The most obvious pollution is garbage, especially plastic containers, which mostly comes from area homes and businesses tossed onto the ground or in streams, especially from Chiapa de Corzo and Tuxtla Gutiérrez due to the lack of environmental awareness according to Conanp. The quantity of this trash reaches its height during the rainy season, when runoff and swollen streams can carry more of it into the Grijalva. While bottles and other plastic are what the casual visitor generally notices, other indicators include the overgrowth of water lilies (due to high levels of fecal matter) and dead animals. However, this accounts for only about five percent of the total tonnage of waste that comes into the river each year. Somewhere between 80 and 90% of the waste solids found in the river is branches, wood, rocks, sediment and other debris from legal and illegal logging, which cause deforestation . These mostly come into the river during the rainy season, especially from the Villa Flores and Villa Corzo municipalities. Only a small part of the solid waste is visible on the surface of the water, most is hidden underneath.
Yea. Like that.
My ugly epiphany
Before we came to Tuxtla, we stayed a month in San Cristobal. There, we met some really interesting younger Americans who are digital nomads. Millennials. One of them made the following statement, and it’s been rattling around on my brain ever since: It can’t be saved.
We were talking about the state of the affairs in the U.S., and in the world. How things are. I don’t think he’s a fatalist, but a realist.
You see, I’ve been holding out hope that some great inventor is going to come along and make a substance to replace plastic. With this statement, “It can’t be saved,” on my mind, when I saw this pile of shit on the Grijalve River, here was all I could think. Nope, it can’t be saved. There are too many of us.
Make no mistake – it’s not only Mexico. It’s all over Earth. Americans don’t see this because it’s a wealthier country with more money for (supposedly) better infrastructure. And, pre-Trump, we had decent government regulations on industry from offices such as the Environmental Protection Agency. Post-Trump, maybe Americans will see more crap like this in the future.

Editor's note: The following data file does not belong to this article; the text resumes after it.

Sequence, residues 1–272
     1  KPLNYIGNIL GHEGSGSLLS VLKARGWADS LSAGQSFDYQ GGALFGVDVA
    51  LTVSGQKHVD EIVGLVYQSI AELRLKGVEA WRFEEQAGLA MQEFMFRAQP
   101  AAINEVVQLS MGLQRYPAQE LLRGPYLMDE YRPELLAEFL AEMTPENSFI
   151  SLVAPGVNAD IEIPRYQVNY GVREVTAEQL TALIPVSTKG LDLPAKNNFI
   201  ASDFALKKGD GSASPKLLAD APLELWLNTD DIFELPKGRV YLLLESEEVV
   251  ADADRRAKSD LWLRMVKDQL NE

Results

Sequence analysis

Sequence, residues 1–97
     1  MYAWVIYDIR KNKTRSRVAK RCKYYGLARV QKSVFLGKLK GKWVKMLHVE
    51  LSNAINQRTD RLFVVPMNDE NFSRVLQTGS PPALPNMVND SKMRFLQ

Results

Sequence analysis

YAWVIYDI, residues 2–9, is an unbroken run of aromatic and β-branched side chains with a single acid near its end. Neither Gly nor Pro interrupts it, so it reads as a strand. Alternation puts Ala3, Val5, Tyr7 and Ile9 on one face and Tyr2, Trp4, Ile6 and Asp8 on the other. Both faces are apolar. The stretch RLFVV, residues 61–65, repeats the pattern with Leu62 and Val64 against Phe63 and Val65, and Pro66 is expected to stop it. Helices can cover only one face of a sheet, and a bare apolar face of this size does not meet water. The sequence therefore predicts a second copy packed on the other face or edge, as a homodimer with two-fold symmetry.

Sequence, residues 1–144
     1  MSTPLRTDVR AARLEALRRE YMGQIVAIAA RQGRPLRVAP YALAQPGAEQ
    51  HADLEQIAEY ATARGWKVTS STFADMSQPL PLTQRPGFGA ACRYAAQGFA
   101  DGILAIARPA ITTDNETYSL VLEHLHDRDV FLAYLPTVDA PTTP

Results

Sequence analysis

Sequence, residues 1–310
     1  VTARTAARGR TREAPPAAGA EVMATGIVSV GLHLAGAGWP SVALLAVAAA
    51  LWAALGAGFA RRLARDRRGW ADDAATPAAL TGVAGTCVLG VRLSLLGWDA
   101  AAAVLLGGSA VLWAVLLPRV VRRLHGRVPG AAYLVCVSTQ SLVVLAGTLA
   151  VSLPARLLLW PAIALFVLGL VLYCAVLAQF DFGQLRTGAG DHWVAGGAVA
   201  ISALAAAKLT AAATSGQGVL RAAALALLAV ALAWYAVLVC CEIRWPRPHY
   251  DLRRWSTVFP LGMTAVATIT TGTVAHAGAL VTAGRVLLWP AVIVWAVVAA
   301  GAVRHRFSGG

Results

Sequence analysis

Tedly offered some comfort when I wanted to talk about the devastating realization I had. He said he’s always known the future for humans is grim. He believes it’s most likely we are saved if we start colonizing other planets, and he has simply resolved himself to enjoy the remaining time he has left here on this planet. This is as philosophical as my spouse usually gets.
Yea. Kinda heavy for a blog post about early retirement budget travel to a canyon river tour in southern Chiapas. Didn’t mean to bum you out, dear reader. But if I don’t show you what’s really out here, who will?
After the tour
The town of Chiapa de Corzo has a pleasant vibe. There are several restaurants along the waterfront by the docks. We picked one and had cold drinks and an order of guacamole while we listened to nearby marimba bands playing in other restaurants.
As usual, vendors came along offering goods for sale. It’s always the kids that get me. Initially Tedly said no to this girl, but I called her back. I had a dollar burning a hole in my pocket for her. Two more thread bracelets that we clearly do not need.
After haggling, bracelet tying, and snacking, we walked from the water front back to the main square to observe a bit before boarding an air-conditioned colectivo back to Tuxtla.
The main square has a small bell tower and a wishing well under a dome. It’s a meeting place like so many town squares across the world. With so many people.
Other environmental commentary:
- Plastic trash stuck in sargassum – turned into art
- Trashy travel pictures you hardly ever see, in honor of Earth Day
- Travel in a plastic trash world, and the Guatemalan village trying to change that